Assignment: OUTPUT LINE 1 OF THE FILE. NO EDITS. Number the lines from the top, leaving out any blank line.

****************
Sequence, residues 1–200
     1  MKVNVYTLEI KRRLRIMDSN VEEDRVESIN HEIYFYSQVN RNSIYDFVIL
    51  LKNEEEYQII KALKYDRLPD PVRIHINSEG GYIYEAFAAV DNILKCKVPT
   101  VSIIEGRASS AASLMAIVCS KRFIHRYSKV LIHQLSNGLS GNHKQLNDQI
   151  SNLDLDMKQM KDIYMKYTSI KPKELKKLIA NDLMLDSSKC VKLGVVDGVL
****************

Sequence, residues 1–200